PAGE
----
Disability advocates have led a vigil outside Parliament House to remember the 16,000 Australians who have died from COVID-19, those who live with Long COVID, and the thousands isolating themselves at home to stay safe.
The Vigil was run by grassroots group Australians Against COVID, whose members include disability activists like Craig Wallace of Advocacy for Inclusion and Sam Connor of People With Disability Australia.
The group was formed following the Government’s decision in September to end mandatory COVID-19 isolation, a decision which left many people with disability afraid to leave home.
Yesterday, activists gathered for the vigil on the grass outside Parliament House around a tapestry of black inverted triangles, representing those who have died, and a candle display.
People stuck at home also used #VigilAgainstCOVID to send pictures of their doors to Prime Minister Anthony Albanese in the hope of showing just how many people have been locked out of life by the Government’s lack of public health measures to prevent the spread of the disease.
Mr Wallace says this week marks the “tragic milestone” of 16,000 deaths from COVID-19 in Australia, which is why the vigil was held on Sunday.
“Uncaring Governments have ignored our call for a minute’s silence in Parliament for the families, friends and elders who have died, so we [went] to Parliament on Sunday to pay our respects and protest the removal of protections and the lack of support for vulnerable people,” he says.
The black inverted triangle, which was a feature of the tapestry the vigil centred around, is being used as a symbol to acknowledge those who have died because of the spread of COVID-19.
“The black triangle harkens back to symbols used by Nazi Germany to mark out disabled people and others deemed ‘unworthy’ of life,” explains Mr Wallace.
“Each triangle [on the tapestry] represents four Australians who have been killed by COVID in the biggest act of eugenics and democide (social murder) ever seen in this country.”
He says the Victorian Election, in which the Labor Party was successfully re-elected, was a reminder that Australians want reasonable health measures to keep people safe and won’t support politicians that have a ‘let it rip’ approach.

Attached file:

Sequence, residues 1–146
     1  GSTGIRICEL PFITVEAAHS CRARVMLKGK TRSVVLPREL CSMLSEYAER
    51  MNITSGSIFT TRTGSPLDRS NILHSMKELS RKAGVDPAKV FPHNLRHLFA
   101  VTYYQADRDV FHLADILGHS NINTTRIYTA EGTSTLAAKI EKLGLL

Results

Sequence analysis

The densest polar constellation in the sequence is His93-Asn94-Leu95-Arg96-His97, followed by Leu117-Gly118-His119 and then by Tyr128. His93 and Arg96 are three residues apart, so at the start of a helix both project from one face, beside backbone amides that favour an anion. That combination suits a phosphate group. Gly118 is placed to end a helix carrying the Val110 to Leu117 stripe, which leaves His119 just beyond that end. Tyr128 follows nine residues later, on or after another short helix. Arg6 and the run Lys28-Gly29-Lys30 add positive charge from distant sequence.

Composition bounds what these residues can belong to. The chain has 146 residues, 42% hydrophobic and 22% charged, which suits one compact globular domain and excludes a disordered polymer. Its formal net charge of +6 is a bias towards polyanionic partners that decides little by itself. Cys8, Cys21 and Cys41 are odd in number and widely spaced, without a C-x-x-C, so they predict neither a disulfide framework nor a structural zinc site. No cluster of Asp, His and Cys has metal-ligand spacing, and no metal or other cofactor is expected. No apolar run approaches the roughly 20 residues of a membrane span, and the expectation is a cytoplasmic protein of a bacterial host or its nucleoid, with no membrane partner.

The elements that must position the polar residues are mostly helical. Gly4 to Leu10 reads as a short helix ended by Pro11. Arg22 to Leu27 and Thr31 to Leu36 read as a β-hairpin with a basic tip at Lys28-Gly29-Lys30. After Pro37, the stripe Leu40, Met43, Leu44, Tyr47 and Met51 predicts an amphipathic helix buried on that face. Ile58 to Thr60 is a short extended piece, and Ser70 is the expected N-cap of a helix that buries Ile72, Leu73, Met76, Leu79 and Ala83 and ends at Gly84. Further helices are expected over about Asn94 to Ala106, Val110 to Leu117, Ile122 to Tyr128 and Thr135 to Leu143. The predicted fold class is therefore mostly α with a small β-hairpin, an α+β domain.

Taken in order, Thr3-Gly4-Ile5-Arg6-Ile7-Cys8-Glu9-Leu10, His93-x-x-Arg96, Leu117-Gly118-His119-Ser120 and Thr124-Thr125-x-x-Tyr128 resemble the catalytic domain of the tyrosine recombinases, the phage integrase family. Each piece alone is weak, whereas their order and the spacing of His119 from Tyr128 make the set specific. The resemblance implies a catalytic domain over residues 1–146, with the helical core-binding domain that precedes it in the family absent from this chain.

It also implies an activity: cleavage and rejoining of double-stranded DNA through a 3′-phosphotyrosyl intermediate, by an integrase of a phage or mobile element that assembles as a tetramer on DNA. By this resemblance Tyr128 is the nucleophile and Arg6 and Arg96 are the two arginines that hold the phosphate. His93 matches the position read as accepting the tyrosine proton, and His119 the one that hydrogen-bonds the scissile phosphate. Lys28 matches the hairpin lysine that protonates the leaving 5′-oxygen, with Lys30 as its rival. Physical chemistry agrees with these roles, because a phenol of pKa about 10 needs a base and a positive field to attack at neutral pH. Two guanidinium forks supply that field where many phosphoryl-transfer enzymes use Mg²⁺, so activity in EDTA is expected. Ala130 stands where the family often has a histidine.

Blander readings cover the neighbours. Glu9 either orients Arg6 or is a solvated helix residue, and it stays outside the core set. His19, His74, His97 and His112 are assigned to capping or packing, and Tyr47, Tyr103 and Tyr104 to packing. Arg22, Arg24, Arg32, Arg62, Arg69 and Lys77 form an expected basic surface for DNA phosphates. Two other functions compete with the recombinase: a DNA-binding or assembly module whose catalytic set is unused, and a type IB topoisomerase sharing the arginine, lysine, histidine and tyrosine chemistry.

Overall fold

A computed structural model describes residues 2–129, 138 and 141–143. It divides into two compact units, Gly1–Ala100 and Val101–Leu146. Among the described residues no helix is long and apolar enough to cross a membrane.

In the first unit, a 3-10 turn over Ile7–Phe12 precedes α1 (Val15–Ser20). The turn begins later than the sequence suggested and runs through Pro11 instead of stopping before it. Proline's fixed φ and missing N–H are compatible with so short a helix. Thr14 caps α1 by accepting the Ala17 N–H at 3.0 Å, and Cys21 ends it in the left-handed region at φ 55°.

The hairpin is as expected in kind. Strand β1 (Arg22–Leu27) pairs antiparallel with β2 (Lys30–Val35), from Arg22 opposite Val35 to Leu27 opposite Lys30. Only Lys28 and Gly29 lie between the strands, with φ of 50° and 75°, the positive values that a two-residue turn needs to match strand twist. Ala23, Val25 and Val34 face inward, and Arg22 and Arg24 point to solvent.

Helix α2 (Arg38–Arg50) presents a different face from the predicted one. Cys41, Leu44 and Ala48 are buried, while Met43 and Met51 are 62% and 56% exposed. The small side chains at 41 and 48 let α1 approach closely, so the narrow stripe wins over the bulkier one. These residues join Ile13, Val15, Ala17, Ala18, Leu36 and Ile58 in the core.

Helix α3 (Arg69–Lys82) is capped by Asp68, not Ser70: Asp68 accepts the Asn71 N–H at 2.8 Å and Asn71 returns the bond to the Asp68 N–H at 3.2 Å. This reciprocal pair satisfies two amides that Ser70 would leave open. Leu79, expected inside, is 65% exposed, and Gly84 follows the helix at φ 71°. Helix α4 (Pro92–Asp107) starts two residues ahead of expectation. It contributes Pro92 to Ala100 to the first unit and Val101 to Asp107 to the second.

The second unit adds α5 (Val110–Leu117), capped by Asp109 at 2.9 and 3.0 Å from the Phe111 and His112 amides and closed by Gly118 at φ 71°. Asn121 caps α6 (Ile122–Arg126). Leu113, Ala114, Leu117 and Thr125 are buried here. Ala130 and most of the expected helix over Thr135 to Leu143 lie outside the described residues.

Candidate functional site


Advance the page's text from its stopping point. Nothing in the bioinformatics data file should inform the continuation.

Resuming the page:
“We are demanding better – alongside the aged, health worker, educators, the unemployed and low-income people who are victims of putting lives before profits,” says Mr Wallace.
He urged the Government to pay attention to the disability community’s call to action and to take on board suggestions in the White Paper on COVID, which was issued by Advocacy for Inclusion.
The White Paper outlines a number of suggestions the Government should look at to protect people with disability from COVID-19, including:
- Co-design of prevention strategies
- Timely access to booster vaccines
- Prompt access to anti-virals and other treatments
- Mask mandates in disability services and residential settings until there is no longer uncontrolled community transmission of COVID-19
- Freely available Rapid Antigen Tests (RATs)
- Support payments for people on low incomes or with casual work, so they don’t feel compelled to work while sick
- Policies for inclusion of people who are shielding (self-isolating at home to prevent catching COVID-19) so they can access health care, goods and services
- Long COVID being recognised as a disability
The Prime Minister is yet to respond to the vigil and social media action. Minister for Health and Aged Care, Mark Butler was contacted for comment but asked the Department of Health and Aged Care to respond.
A Department spokesperson says the Government “continues taking all steps” to protect Australians and “emphasises the importance” of being up to date with COVID-19 vaccine doses.
“The Australian Government…will include the Pfizer Bivalent in the COVID-19 vaccination program for boosters in people aged 18 years or older from 12 December 2022,” the spokesperson says.
“People with disability and disability support workers are encouraged stay up to date with their COVID-19 vaccinations and public health advice and requirements in their State and Territory.”
As it is not compulsory for disability support workers to isolate, the Department spokesperson says it is “recommended” workers do not provide support for seven days after testing positive for COVID-19.
The spokesperson added that workers in “high-risk settings”, including some disability care environments can apply for the High-Risk Settings Pandemic Payment, similar to the previous pandemic income support payment, but must meet different eligibility criteria.